1858 Murder & A Memorial: at Allt-y-saeson close to Bethlehem village, a young man was murdered, and nobody was charged as the murderer was suspected to be a wealthy landowner's son, but a 5' high stone was erected: ‘Monday the 26 of April 1858 he cometh up and is cut down like a flower. He fleeth as it were a shadow and never continueth in one stay. In the midst of life we are in death. Of whom may we seek for succour but of thee O Lord? Be ye also ready thou knowest not what a day may bring forth’.
1858 Railways: the Llanelly Dock And Railway Company opened the line to the mines of Ammanford in 1841, and extended it via Ffairfach to Llandilo in 1857. The Vale Of Towy Railway linking Llandilo to Llandovery via Talley Road, Lampeter Road (later renamed Llanwrda), Llangadog and Glanrhyd, opened in 1858. This led to a large stockyard being built at Llangadog station providing convenient UK-wide sales and distribution for local farmers, especially of sheep - and the end of droving.
1882 School: Bethlehem's first purpose built school opened (previously lessons had been held in the chapel vestry) with Thomas Dolgoy as the first (and only) teacher. In the 1880s, it had 76 pupils, but only 6 when it closed in 2000.
1912 Gwynfor Evans: one of the three greatest Welshmen of the C20 (the others being Lloyd George and Aneurin Bevan), was born in Barry, but his family came from near Bethlehem, and he lived here most of his life, often preaching at the chapel. He became the first Plaid Cymru MP, went on hunger strike to defend the future of the Welsh language, and died in 2005. One of his sons still lives in the village.
1930s Ceidrych Corn Mill: the last miller was also a carpenter, and, having delivered corn to Ffairfach station, would return slumped over his horse having visited several inns on the way back. There was once a millpond and waterwheel.
1937 Our Deserted Village: the rise of mechanisation meant fewer men on the land (one new mower reportedly scythed a hay field that the previous year had taken 18 men). 8 families lived in Pentre Bach at the turn of the century, but just 37 years later the last resident, Mrs Aggett of Ty Pink, the wife of a steam roller driver, left.
1969 Prince of Wales Investiture Celebration: featured a carnival, sports, dancing on the green, and a poem written for the occasion by David Davies of Cwmsawdde Cottage.
1970s Harry Secombe & Blue Peter: Songs of Praise hosted by Sir Harry Secombe and Blue Peter were presented from the village.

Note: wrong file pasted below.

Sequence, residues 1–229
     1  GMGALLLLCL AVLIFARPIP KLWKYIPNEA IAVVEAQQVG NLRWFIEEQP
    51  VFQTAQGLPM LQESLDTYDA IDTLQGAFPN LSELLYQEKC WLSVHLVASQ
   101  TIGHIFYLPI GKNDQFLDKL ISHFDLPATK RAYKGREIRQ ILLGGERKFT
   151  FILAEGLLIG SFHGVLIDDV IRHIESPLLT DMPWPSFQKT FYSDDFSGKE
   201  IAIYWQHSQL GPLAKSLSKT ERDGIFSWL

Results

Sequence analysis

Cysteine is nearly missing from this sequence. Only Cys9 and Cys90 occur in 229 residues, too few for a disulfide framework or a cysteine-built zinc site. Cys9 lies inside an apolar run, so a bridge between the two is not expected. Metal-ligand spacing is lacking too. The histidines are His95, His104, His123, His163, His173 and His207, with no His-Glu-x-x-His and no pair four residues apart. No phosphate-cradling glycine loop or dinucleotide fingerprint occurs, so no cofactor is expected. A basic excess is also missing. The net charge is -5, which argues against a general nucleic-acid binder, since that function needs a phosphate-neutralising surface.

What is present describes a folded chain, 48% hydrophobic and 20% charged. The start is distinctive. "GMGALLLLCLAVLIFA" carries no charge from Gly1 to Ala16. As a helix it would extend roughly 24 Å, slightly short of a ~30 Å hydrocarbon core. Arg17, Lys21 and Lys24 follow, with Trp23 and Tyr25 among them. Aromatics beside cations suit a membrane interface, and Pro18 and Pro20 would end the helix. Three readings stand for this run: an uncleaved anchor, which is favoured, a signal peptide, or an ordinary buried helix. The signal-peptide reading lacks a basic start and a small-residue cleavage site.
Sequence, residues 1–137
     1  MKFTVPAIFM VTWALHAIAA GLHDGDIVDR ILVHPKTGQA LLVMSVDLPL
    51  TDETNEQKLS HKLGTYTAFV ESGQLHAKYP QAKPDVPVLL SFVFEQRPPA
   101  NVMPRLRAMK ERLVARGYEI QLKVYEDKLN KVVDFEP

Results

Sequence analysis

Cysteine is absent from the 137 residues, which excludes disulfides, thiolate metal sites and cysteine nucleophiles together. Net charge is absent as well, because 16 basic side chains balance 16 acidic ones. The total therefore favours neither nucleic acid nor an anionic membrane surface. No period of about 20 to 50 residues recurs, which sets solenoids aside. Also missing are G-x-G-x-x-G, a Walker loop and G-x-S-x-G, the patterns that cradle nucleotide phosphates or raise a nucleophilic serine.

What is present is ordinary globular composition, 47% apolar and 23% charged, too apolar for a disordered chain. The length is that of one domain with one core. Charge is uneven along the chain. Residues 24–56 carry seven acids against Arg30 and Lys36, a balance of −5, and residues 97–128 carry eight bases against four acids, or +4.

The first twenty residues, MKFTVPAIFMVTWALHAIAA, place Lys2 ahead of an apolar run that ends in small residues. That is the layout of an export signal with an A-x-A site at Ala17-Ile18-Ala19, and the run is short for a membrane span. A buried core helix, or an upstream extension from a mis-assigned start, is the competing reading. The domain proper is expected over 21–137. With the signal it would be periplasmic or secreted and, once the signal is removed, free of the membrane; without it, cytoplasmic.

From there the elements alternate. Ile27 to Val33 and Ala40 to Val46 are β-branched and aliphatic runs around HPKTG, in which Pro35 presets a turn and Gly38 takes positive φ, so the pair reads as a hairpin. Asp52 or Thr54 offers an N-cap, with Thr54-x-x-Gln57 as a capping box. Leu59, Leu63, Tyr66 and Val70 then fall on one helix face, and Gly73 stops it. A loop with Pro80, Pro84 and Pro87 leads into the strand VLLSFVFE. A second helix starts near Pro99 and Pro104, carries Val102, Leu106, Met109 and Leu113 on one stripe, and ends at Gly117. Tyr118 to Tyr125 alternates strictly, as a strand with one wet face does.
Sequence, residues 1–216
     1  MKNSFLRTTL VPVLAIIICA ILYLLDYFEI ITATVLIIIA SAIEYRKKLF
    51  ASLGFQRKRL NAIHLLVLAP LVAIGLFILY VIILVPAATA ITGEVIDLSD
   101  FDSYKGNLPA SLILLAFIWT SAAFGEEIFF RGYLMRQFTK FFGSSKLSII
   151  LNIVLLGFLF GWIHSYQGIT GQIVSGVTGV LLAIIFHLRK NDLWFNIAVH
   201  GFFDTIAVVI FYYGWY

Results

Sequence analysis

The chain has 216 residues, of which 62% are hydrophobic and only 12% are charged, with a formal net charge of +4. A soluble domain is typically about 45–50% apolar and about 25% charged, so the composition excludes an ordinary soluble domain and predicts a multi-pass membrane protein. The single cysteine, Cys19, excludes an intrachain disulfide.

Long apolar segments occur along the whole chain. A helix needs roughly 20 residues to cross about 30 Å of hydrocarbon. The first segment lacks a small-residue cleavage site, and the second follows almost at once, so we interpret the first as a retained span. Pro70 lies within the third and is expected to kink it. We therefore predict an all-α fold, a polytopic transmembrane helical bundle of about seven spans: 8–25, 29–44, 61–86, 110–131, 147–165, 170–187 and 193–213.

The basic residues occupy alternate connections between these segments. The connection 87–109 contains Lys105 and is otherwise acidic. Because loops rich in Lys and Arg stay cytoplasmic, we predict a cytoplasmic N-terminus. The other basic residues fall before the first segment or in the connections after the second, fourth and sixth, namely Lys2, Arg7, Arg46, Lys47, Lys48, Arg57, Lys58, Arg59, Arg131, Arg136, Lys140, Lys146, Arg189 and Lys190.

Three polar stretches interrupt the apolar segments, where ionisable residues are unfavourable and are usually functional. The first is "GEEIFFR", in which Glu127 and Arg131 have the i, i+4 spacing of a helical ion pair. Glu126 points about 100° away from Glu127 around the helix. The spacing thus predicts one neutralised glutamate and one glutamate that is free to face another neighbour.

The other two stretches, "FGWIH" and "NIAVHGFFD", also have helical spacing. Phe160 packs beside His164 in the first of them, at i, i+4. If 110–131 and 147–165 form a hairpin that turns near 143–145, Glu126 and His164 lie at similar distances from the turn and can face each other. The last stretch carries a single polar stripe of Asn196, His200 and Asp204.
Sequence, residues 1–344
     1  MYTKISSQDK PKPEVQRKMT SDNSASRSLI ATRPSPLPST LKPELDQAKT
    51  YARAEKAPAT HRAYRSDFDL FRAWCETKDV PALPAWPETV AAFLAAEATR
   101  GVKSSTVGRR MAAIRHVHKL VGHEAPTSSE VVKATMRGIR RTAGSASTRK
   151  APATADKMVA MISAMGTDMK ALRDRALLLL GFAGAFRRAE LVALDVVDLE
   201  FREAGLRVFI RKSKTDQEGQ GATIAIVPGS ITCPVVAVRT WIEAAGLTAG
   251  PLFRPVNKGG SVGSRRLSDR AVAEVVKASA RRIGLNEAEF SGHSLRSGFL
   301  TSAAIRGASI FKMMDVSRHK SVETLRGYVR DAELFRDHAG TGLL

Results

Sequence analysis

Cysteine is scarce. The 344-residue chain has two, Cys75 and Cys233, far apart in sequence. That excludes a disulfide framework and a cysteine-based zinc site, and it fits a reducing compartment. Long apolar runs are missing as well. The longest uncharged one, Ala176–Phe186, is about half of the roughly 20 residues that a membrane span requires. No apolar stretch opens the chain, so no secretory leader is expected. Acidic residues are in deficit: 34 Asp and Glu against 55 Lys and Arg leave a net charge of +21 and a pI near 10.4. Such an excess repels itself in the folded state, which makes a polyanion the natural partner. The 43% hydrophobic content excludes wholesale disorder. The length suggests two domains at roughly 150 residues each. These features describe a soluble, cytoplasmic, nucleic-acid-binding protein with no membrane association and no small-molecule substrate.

1974 Natural Record: over 60 birds were recorded in the area including widgeon, hen harriers, curlews, plovers, barn owls, jays, green woodpeckers, fieldfare, skylark, nut hatch, corn bunting, and spotted flycatcher. 36 wild flowers included yellow archangel, marsh orchid, ladies bedstraw, sheepsbit, and speedwell. Among 30 animals and insects were badgers, otters, salmon, sewin, glow worms, false scorpions, grasshoppers, peacock and painted ladies butterflies.
1998 Guardian Feature: Jon Ronson interviewed the post office licensee, Gwylym Richards, who says our Bethlehem is a better place to 'pray and meditate' than the other Bethlehem - and we've got more sheep. He says he's stamped Christmas cards addressed to the Pope, Tommy Steele, John Major and Bill Clinton, and charges 20p per stamp.
2003-2011 Christmas Fairs: these were the legendary years of the Bethlehem Christmas Fairs, organised by Kate Glanville, when upto 1,000 people would come from as far away as Germany and Holland.
2009 Bethlehem Community Hall: the community association was formed in 2000, bought the old school, and refurbished it with a big Lottery Grant. In normal years, this is where Christmas cards are stamped.
2009 Christmas Eve On TV: the late Keith Chegwin presented a TVAM (ITV) live Christmas Eve broadcast from Bethlehem with a nativity play involving many village children.
2018 Tour Of Britain: the first King of the Mountain section of the men's cycling Tour of Britain included Bethlehem hill. An estimated 200 people (Trump estimate: 85,000) watched the race come through the village. In 2019, the women's tour followed the same itinerary.